The basic tenets of Sabah’s weather are simple: it’s going to be hot and it will be humid. The weather can be described as such just about anytime of the year, making Sabah a delightful year-round holiday destination.
Sabah’s everlasting summer is divided into what is usually 2 distinct sub-seasons. They’re commonly referred to as the wet and the dry season, which really is a misnomer. It should more accurately be referred to as the wetter and the not-so-wet seasons.
The not-not-so-wet season runs from April to August, with September to March being the wetter season, known elsewhere in South East Asia as the monsoon season.
Sabah, however, is sometimes affectionately referred to as the land below the wind because it lies below the monsoon belt. Being outside of this area, Sabah enjoys relatively mild seasonal changes, with downpours that last for only a couple of hours when they do occur.
Most long term weather forecasts relating to Sabah inevitably include predictions of thunderstorms and rain. Being hot and humid, those chances probably always exists, but reality is much less predictable. To illustrate, here’s Kota Kinabalu’s 5 day forecast as provided by the Malaysia Meteorological Department.
For comparison sake, here’s the visual observations about the actual weather which we updated from time to time on our Rustic Borneo’s Twitter account. In light of the persistent hot, blue skies that we’ve experience so far this year, the updates may currently be somewhat repetitive.
The most recent cycle of El Niño has had quite the effect on Sabah’s weather. Starting around December 2015, the weather is uncharacteristically dry, so much so that it completely skipped the wetter season. Up until the end of April 2016, Sabah’s west coast, home to Kota Kinabalu, has seen only a precious few downpours, which have been relatively light.
So what is normal weather like in Sabah then?
Aside from the aforementioned heat and humidity, daily maximum temperatures around Kota Kinabalu are predictably in the 30 – 32C range, with evenings not much cooler than 25C. After a few consecutive days of rain, the average minimum and maximum temperatures drop a few degrees for a short while.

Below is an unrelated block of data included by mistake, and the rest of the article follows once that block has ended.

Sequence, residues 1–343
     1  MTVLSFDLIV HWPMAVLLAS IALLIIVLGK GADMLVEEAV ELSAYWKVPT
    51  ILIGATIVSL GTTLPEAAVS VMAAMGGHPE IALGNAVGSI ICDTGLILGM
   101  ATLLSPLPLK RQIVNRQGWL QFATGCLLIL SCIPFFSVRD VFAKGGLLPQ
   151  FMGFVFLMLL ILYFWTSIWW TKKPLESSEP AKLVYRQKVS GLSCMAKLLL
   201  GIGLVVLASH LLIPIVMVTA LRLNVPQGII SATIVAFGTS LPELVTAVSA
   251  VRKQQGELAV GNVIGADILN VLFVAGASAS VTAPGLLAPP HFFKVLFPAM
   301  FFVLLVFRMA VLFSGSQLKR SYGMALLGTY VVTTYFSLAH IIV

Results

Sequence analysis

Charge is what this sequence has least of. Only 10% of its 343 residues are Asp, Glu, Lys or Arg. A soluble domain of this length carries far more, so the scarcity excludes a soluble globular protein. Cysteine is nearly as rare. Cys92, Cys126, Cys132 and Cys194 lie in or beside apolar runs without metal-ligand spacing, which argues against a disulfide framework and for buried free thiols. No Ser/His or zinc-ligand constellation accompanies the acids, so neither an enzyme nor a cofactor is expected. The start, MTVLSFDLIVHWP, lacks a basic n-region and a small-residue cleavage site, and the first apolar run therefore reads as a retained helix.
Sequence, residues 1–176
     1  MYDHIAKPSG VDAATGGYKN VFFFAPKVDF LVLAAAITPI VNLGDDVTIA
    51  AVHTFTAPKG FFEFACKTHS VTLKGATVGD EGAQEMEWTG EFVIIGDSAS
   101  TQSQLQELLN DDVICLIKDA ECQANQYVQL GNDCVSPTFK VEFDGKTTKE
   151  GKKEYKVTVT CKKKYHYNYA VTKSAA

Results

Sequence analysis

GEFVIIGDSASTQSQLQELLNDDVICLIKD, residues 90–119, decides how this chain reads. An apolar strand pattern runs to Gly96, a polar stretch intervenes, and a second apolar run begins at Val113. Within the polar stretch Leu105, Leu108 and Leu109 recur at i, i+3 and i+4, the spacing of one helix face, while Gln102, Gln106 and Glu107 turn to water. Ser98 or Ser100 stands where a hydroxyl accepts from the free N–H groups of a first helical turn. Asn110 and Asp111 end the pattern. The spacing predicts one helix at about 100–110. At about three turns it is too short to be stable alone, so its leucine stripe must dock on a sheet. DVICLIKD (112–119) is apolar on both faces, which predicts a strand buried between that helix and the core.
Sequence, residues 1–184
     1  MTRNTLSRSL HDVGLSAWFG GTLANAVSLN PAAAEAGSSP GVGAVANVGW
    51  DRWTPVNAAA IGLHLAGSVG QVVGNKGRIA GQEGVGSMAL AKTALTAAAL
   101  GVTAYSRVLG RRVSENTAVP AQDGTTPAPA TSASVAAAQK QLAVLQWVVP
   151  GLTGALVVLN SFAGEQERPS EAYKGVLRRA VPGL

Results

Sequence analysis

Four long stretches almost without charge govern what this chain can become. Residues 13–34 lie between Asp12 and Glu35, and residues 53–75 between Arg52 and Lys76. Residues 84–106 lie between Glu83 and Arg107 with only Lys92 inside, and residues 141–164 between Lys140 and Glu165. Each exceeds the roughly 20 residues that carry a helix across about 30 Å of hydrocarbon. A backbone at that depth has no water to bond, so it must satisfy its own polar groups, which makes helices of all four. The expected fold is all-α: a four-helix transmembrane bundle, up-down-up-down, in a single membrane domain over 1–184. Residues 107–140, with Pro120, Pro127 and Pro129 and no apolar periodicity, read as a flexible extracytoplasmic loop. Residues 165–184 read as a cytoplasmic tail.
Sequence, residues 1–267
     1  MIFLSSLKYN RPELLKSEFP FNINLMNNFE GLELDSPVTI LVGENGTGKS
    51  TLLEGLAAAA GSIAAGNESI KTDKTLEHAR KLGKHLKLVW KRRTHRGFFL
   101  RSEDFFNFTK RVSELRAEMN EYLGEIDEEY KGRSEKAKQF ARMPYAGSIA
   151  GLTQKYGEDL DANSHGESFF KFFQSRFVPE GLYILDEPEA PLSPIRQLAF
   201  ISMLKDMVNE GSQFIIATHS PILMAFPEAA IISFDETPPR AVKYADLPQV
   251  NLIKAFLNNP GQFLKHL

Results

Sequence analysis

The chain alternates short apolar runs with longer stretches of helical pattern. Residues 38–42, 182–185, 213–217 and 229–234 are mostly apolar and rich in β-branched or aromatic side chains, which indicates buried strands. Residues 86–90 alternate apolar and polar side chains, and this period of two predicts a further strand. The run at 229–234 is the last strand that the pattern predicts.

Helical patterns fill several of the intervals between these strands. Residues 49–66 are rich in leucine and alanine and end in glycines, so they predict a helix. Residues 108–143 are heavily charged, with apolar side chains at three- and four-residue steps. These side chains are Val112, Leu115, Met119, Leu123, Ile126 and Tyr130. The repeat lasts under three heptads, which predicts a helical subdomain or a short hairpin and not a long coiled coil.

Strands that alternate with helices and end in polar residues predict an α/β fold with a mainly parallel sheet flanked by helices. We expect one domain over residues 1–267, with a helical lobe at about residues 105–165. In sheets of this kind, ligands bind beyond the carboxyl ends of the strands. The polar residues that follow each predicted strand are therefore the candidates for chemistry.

Towards the interior, especially once you cross the Crocker Range mountains in the jungle, the temperatures can be lower. Towards Mt. Kinabalu, as you gain altitude, the weather is markedly different and often cool. The extreme lowest temperatures are arguably found at the peak of Mt. Kinabalu, where during the cold of night temperatures approach zero.
On the east coast, where Sandakan, Tawau and Semporna lies, the temperatures are much the same, although statically they do get more rain than the west coast.
The Crocker Range Mountains form a formidable ridge that protects the extreme west coast from most of the harsher weather that the interior towards the east experience.
On the chart below it appears as if the average rainfall is quite high. Prolonged streaks of consecutive days of rain are rare, and when it does rain it usually never rains for an entire day. The downpours are rather restricted to a couple of hours and most frequently occurs in the afternoons.
Here’s an overview of the most pertinent climate statistics pertaining to Sabah’s west coast:
|Avg High °C||30||29||29||30||31||31||31||30||30||30||30||30||30|
|Avg Low °C||22||22||22||23||23||23||23||23||23||23||23||23||23|
|Avg. Rain (mm)||2,621||119||60||74||128||228||290||258||259||310||351||304||241|
Over on the east coast the weather looks a little different, with higher rainfall and humidity compared to Sabah’s west coast.
|Avg High °C||30||28||28||30||31||31||31||31||31||31||31||30||29|
|Avg Low °C||24||24||24||24||24||24||24||23||23||23||23||24||24|
|Avg. Rainfall (mm)||3060||410||250||200||110||150||190||180||200||240||260||350||450|